Regulation  

Chancellor backs down as ECJ rejects bonus challenge

George Osborne was forced to concede defeat over his objections to new European rules on bankers’ pay, after the European Court of Justice rejected the UK government’s challenge to rules being imposed to cap variable remuneration.

Advocate general Niilo Jääskinen considered that the European Union legislation limiting the ratio of bankers bonuses compared to their basic salary is valid and suggested that all six UK government pleas should be rejected.

The UK had brought an action asking the court to annul the provisions as it believed that measures fixing the ratio of variable to fixed remuneration contradicted rules relating to freedom of establishment and the freedom to provide services.

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The government had sought to argue the limits fall within social policy and therefore within the jurisdiction of member states.

It also argued that the provisions infringed on ‘proportionality and subsidiarity’, that the directive violated the principle of legal certainty, and that the measures requiring disclosure of remuneration infringed the right to privacy and data protection rules.

Mr Jääskinen dismissed all these arguments, stating that fixing the ratio of variable remuneration to basic salaries does not equate to a “cap on bankers bonuses” or fixing the level of pay, because there is no limit imposed on the basic salaries bonuses are pegged against.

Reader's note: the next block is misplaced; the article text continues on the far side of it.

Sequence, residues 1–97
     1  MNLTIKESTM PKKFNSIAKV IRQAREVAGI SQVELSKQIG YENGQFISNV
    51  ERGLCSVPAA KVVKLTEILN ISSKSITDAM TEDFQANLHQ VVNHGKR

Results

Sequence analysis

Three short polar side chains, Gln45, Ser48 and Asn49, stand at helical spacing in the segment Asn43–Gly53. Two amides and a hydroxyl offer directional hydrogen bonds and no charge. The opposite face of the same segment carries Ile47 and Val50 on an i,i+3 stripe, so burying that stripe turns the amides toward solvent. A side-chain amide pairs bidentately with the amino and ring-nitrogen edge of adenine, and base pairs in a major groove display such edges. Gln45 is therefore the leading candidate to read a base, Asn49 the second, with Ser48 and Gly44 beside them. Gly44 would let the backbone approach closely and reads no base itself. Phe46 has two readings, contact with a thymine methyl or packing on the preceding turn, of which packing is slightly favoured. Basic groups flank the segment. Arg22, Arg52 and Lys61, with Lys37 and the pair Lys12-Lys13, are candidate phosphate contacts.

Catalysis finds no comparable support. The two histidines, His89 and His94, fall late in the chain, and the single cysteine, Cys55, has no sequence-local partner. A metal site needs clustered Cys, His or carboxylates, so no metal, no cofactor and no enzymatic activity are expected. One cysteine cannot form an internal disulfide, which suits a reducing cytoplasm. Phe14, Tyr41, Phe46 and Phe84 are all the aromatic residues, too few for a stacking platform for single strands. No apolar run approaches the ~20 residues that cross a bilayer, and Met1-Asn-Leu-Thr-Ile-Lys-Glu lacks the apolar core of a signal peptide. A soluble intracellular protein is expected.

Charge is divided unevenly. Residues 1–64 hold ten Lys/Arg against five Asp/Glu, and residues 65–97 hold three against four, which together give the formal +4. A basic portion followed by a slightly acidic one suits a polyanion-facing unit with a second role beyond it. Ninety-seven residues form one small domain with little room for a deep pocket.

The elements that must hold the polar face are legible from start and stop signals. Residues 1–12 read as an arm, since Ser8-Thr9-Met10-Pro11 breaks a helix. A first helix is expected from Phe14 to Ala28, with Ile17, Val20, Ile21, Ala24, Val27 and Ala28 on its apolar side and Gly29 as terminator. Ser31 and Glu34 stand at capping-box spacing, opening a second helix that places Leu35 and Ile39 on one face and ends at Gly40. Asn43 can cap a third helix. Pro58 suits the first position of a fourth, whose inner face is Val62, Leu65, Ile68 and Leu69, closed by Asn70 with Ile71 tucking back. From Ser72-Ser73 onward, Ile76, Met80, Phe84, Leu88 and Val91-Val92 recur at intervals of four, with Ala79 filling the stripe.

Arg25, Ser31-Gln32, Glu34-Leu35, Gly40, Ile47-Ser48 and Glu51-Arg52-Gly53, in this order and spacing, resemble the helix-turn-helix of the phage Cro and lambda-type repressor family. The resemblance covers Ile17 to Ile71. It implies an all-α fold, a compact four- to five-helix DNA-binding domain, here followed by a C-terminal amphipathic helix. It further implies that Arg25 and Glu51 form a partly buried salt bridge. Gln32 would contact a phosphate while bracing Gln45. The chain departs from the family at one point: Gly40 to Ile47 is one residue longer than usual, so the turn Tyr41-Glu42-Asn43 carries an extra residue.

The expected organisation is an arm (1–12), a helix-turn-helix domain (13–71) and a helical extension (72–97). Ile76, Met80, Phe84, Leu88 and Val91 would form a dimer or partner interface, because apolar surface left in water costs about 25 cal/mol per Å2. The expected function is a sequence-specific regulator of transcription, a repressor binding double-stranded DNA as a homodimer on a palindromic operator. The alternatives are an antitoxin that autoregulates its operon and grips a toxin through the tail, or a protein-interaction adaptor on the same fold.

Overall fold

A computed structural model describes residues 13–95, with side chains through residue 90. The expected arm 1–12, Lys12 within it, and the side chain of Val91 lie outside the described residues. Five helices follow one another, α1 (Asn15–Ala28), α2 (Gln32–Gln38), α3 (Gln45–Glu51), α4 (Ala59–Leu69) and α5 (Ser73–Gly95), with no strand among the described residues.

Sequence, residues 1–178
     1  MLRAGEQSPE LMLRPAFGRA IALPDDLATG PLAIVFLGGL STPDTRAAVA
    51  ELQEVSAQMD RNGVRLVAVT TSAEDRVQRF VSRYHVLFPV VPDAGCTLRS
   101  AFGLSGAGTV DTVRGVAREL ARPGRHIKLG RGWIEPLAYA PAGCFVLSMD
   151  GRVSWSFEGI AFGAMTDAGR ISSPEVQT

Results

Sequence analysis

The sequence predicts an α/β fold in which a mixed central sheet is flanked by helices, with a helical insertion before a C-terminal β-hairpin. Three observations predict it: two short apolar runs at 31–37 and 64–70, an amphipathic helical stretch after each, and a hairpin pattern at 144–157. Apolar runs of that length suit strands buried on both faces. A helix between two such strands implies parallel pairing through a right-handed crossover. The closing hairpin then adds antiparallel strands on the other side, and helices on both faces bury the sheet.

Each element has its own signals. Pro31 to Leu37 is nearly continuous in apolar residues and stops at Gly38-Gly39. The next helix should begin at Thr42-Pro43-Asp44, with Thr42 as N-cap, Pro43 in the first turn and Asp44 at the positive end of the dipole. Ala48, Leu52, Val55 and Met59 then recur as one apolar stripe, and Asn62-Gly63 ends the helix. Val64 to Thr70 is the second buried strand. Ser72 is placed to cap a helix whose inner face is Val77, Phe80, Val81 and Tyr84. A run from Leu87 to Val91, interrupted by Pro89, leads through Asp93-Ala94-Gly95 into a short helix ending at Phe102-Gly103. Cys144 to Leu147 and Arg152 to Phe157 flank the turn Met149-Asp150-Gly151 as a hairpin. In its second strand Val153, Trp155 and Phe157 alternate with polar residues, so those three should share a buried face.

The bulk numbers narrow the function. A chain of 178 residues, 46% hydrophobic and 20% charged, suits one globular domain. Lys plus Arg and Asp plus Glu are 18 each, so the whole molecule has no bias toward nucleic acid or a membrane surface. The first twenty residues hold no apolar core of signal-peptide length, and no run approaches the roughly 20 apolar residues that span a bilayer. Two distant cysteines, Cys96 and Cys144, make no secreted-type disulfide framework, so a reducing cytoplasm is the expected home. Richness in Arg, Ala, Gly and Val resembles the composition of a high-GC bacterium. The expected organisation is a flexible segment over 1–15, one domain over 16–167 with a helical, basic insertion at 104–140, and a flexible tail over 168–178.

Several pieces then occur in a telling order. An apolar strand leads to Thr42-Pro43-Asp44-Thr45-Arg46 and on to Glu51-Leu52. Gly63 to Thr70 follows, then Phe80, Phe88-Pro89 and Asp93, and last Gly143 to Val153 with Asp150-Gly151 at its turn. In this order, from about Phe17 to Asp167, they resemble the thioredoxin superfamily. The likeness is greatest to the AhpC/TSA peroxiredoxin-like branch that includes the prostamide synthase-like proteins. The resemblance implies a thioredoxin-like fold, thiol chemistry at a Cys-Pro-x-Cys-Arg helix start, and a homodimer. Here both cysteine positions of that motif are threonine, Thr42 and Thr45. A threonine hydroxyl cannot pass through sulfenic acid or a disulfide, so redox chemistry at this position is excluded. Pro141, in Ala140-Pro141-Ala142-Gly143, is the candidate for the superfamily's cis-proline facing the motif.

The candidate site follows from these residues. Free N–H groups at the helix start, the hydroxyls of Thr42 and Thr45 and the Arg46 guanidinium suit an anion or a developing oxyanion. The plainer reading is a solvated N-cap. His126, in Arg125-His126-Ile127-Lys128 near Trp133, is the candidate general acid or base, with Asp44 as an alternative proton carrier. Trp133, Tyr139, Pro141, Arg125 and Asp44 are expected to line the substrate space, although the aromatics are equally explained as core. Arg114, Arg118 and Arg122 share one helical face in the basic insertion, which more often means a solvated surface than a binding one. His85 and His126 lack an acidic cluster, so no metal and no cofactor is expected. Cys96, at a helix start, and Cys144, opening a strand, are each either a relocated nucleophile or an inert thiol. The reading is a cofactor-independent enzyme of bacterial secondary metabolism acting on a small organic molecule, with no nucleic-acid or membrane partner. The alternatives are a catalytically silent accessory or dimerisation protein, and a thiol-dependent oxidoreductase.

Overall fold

“The 100 per cent ratio introduced by the legislation can attach to any sum of money that a bank is prepared to pay by way of fixed salary. The fact that this ratio can be increased to 200 per cent or fixed at a rate lower than 100 per cent by the member states underscores the absence of any “capping” effect,” he explained.

In response to the argument that the disclosure of remuneration would be contrary to EU data protection law, the advocate general observed that this disclosure is not mandatory, but rather a discretionary power conferred on member states.

Mr Jääskinen also found the objective of creating a uniform regulatory framework of risk management could not have been better achieved by national governments, as opposed to the EU.

Andrew Tyrie, chairman of the Treasury Committee and former chairman of the Parliamentary Commission on Banking Standards, called the EU bonus cap a “fundamentally flawed” approach.

“It has perverse and unintended consequences. The Parliamentary Commission on Banking Standards rejected it as a crude tool. It will encourage banks to increase fixed pay rather than embed incentive structures that improve standards.”

The chancellor also wrote to the governor of the Bank of England Mark Carney in his capacity as chair of the Financial Stability Board, setting out concerns around the implications of the bonus cap.

“It now looks clear that there are minimal prospects for success with our legal challenge, so we will no longer pursue it. But that should not stop us from pursuing our objective of ensuring a system of remuneration that encourages responsibility instead of undermining it.”

peter.walker@ft.com